## Acknowledgments

This material is based upon the work supported by the U.S. Civilian Research & Development Foundation under Award RGI-245.

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## APPENDIX A

### Properties of M_{d} and M_{m}

**M**

_{d}and

**M**

_{m}. At first, since for any

*ψ*

_{1},

*ψ*

_{2}∈ Ψ,

**M**

_{m}

**M**

_{d}

**I**

**I**is the unit operator.

**M**

_{d}is self-adjoint with respect to inner product (18). Indeed,

**M**

_{d}is nonnegative because

**M**

_{d}

*ψ, ψ*

*a*

_{d}

**L**

*ψ,*

**L**

*ψ*

_{d}

**M**

_{m}are identical.

## APPENDIX B

### Equivalence between the MDC and the PME in a Special Case

*υ*is an eigenfunction of

**M**

_{d}for some

*ã*

_{d}> 0:

**M**

_{d}

*υ*

*λ*

*ã*

_{d}

*υ,*

*υ*is the eigenfunction of

**M**

_{d}for any

*a*

_{d}∈ [0, ∞).

*Proof.*According to the definition of

**M**

_{d}[see (23)], (B1) is equivalent to the validity of

_{d}

**L**

*υ*

**L**

*ψ*

_{d}

*λ*

*ã*

_{d}

*a*

_{m}

**A**

*υ*

**A**

*ψ*

_{r}

*ã*

_{d}

**L**

*υ*

**L**

*ψ*

_{d}

*ψ*∈ Ψ. Choosing

*ψ*=

*υ*in (B2), we obtain

**A**

*υ*

^{2}

_{r}

**L**

*υ,*

**L**

*ψ*

_{d}

**L**

*υ*

^{2}

_{d}

**A**

*υ,*

**A**

*ψ*

_{r}

*a*

_{d}∈ [0, ∞). Comparing (B5) with (B2) and (B3) completes the proof. Obviously, matrix

**M**

_{m}possesses the same quality.

Theorem. If *H*(**M***a*_{d} = *a*^{me}_{d}*ϕ*(*a*_{d}) = *a*_{d}‖**L***ψ*_{i} − **d**^{2}_{d}*a*_{d} = *a*^{me}_{d}

*Proof.*It follows from (22) and (24) that

*ψ*

_{i}

*ψ*

_{d}

**M**

_{m}

*ψ*

_{m}−

*ψ*

_{d}. By applying

**L**to both sides of (B6), we will obtain

*ϕ*

*a*

_{d}

*a*

_{d}

**L**

**M**

_{m}

^{2}

_{d}

*υ*

_{k}of

**M**

_{m}:

*b*

_{k}depends on

*a*

_{d}. According to the lemma, the set of the eigenfunctions is the same for any

*a*

_{d}.

*a*

_{d}

**L**

**M**

_{m}

*υ*

_{k}

**L**

**M**

_{m}

*υ*

_{j}

_{d}

**M**

_{m}

*υ*

_{k}

**M**

_{d}

**M**

_{m}

*υ*

_{j}

*λ*

_{k}

*λ*

_{j}

*λ*

_{j}

*δ*

_{kj}

*υ*

_{k}

*υ*

_{j}

*λ*

_{k}are eigenvalues of

**M**

_{m}, substitution of (B8) for (B7) yields

**P**

_{1}is the projector on to the subspace of eigenvectors corresponding to the unity eigenvalues.

Let us notice that if *υ*_{l} is an eigenfunction corresponding to *λ*_{l} = 1 for *a*_{d} > 0, then **L***υ*_{l} = 0. This implies that neither 〈*υ*_{l}, *υ*_{l}〉 nor 〈Δ, *υ*_{l}〉 depend on *a*_{d}. Hence, the second multiplier at the right-hand side of (B13) does not depend on *a*_{d}. The least upper bound of the first multiplier is equal to 0.25, and it is reached when *λ*_{j} = 0.5 for some *j.*

It follows from (B3) that eigenvalues *λ*_{m} are monotonic functions of *a*_{d}. According to the hypothesis of the theorem, the entropy attains its least upper bound. Thus, all nonzero and nonunity eigenvalues are equal to 0.5 when *a*_{d} = *a*^{me}_{d}*a*_{d} = *a*^{me}_{d}*ϕ*(*a*_{d}), and this extreme point is unique. The theorem is proven.

Two points are worth noting in this connection. First, if the entropy attains its upper bound, all nonzero and nonunity eigenvalues of **M**_{d} are equal to each other, and thus the inverse solutions corresponding to different data weights all lie on a straight segment in the state space Ψ. Second, it is seen from the proof that except for uniqueness of the extreme point, the theorem remains valid for the case of several data weights referred to different multiple data terms (Kurapov and Kivman 1999).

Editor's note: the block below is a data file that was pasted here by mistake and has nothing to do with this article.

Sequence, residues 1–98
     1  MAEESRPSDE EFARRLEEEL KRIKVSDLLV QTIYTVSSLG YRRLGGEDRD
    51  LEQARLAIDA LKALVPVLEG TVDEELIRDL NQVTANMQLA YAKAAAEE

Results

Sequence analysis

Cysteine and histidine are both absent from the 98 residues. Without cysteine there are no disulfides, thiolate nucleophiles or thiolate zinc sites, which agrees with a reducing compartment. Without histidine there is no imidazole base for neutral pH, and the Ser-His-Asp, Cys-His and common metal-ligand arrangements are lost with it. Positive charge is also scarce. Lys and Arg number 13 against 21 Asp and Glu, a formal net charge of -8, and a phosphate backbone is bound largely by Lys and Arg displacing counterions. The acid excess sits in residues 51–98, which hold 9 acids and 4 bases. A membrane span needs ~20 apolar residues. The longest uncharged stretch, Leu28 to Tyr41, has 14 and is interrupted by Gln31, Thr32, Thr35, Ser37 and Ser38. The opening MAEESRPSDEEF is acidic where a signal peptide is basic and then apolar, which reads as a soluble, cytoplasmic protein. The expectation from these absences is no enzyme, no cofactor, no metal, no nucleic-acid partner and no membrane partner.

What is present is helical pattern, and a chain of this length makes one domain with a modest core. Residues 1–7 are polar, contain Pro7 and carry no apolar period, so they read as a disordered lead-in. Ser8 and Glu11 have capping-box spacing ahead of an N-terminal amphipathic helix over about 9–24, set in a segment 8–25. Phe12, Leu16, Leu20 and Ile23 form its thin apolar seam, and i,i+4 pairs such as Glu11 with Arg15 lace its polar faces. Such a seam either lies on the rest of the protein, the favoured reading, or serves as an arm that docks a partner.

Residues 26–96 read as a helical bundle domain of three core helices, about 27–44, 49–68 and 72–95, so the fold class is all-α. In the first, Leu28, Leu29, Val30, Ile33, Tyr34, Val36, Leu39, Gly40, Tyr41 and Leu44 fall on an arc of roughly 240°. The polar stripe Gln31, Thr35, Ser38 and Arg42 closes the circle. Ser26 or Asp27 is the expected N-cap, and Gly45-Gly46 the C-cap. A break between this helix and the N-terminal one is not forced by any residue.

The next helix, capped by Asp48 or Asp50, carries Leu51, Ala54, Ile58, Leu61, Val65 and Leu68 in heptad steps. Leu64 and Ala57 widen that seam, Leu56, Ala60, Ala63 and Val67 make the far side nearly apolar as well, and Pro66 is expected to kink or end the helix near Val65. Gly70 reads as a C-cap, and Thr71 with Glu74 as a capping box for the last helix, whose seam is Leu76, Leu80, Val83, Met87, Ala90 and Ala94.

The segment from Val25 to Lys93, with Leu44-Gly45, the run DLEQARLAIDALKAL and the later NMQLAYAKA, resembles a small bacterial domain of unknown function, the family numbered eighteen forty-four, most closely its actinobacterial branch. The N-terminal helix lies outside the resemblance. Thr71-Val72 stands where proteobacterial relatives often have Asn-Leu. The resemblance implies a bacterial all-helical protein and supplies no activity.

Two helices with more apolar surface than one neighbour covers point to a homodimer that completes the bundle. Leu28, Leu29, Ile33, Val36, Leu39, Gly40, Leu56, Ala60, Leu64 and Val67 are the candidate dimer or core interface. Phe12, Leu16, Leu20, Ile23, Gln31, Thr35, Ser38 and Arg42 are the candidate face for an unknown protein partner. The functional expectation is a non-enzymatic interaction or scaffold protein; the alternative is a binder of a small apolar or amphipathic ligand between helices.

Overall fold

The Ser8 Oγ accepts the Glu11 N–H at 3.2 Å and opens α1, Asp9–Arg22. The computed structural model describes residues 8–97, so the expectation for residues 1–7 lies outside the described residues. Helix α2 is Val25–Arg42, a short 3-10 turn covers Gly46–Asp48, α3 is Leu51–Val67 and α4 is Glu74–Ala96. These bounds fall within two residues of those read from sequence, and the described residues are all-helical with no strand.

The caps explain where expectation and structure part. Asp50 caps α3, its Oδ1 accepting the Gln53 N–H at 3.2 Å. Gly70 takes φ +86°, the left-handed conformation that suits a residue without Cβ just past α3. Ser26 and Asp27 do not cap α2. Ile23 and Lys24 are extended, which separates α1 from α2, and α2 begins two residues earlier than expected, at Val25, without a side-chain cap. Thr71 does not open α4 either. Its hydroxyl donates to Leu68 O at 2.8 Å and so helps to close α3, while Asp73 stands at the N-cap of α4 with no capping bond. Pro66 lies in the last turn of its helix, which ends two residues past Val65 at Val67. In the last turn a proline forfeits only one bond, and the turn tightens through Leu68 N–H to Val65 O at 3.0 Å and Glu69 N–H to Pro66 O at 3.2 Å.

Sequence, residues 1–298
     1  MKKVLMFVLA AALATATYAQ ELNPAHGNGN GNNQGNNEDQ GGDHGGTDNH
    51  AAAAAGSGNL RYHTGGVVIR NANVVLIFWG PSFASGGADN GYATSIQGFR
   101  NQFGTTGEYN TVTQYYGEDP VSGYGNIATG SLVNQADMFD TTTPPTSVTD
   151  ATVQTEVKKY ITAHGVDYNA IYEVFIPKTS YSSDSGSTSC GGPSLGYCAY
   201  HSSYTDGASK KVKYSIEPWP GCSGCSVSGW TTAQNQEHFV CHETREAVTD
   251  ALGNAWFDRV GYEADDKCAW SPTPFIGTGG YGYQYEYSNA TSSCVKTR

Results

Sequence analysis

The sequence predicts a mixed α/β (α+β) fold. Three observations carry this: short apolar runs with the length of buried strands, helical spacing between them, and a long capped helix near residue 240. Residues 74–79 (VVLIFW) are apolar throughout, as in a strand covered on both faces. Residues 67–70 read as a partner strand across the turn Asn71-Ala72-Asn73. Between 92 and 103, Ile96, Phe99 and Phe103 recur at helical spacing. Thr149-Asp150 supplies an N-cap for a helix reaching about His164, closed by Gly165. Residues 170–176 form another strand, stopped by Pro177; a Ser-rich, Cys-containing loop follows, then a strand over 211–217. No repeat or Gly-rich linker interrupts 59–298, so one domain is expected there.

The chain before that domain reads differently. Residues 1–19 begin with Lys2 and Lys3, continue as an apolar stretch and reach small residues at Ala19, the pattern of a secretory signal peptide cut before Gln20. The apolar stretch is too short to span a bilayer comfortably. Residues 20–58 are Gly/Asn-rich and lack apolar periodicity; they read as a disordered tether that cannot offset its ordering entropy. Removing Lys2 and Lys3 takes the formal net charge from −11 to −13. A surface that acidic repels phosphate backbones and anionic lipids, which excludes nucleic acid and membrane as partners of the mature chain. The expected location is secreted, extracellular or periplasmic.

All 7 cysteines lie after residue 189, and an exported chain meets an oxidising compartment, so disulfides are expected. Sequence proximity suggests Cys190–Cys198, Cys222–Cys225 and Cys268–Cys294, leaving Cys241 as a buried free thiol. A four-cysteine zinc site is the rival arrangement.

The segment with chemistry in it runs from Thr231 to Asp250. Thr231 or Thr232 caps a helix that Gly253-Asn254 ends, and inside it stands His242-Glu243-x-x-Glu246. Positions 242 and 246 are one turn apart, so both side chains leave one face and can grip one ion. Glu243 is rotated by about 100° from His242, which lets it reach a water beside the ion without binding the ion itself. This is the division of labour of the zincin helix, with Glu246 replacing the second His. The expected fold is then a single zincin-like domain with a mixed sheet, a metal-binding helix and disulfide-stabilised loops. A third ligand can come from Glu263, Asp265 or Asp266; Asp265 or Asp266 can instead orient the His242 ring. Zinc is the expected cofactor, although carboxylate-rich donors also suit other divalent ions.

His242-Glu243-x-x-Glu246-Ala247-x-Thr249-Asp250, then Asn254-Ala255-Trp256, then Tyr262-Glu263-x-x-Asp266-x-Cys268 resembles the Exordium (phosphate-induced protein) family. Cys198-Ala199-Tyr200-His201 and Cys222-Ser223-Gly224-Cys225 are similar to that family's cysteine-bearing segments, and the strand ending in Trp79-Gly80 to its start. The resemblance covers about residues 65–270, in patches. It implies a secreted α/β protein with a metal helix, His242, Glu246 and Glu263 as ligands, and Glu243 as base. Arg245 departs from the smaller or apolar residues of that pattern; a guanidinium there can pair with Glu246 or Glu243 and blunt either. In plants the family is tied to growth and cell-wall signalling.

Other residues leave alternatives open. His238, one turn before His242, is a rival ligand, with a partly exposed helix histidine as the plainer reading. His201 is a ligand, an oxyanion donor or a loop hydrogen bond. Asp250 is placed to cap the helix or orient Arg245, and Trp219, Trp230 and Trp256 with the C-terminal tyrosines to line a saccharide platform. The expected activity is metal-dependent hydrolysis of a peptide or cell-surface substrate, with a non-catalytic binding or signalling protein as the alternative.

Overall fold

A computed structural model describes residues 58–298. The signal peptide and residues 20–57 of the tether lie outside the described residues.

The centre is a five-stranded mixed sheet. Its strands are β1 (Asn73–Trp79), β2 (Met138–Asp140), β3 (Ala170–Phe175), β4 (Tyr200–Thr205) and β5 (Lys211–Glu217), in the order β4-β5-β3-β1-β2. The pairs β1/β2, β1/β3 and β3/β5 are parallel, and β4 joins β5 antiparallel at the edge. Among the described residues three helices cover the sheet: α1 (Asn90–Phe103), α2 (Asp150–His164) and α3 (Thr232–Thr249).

The entropy (solid line), the data cost (dashed line), rms_{as} (dotted line), and rms_{υ} (dashed–dotted line) as functions of the data weight *w* obtained on different grids: (a) 20 nodes, (b) 38 nodes, (c) 75 nodes, (d) 149 nodes. The units for rms_{as} and rms_{υ} are in centimeters

Citation: Journal of Atmospheric and Oceanic Technology 18, 2; 10.1175/1520-0426(2001)018<0266:AEATTW>2.0.CO;2

The entropy (solid line), the data cost (dashed line), rms_{as} (dotted line), and rms_{υ} (dashed–dotted line) as functions of the data weight *w* obtained on different grids: (a) 20 nodes, (b) 38 nodes, (c) 75 nodes, (d) 149 nodes. The units for rms_{as} and rms_{υ} are in centimeters

Citation: Journal of Atmospheric and Oceanic Technology 18, 2; 10.1175/1520-0426(2001)018<0266:AEATTW>2.0.CO;2

The entropy (solid line), the data cost (dashed line), rms_{as} (dotted line), and rms_{υ} (dashed–dotted line) as functions of the data weight *w* obtained on different grids: (a) 20 nodes, (b) 38 nodes, (c) 75 nodes, (d) 149 nodes. The units for rms_{as} and rms_{υ} are in centimeters

Citation: Journal of Atmospheric and Oceanic Technology 18, 2; 10.1175/1520-0426(2001)018<0266:AEATTW>2.0.CO;2

The data cost for different spreading lengths. (a)–(d) as in Fig. 2. Dashed line, no spreading;solid line, optimal spreading: for 3 nodes in (b) and (c), for 7 nodes in (d); dashed–dotted line, spreading is overestimated when made: for 3 nodes in (a), 5 in (b) and (c), and 9 in (d)

The data cost for different spreading lengths. (a)–(d) as in Fig. 2. Dashed line, no spreading;solid line, optimal spreading: for 3 nodes in (b) and (c), for 7 nodes in (d); dashed–dotted line, spreading is overestimated when made: for 3 nodes in (a), 5 in (b) and (c), and 9 in (d)

The data cost for different spreading lengths. (a)–(d) as in Fig. 2. Dashed line, no spreading;solid line, optimal spreading: for 3 nodes in (b) and (c), for 7 nodes in (d); dashed–dotted line, spreading is overestimated when made: for 3 nodes in (a), 5 in (b) and (c), and 9 in (d)

Comparison of the PME and the MDC.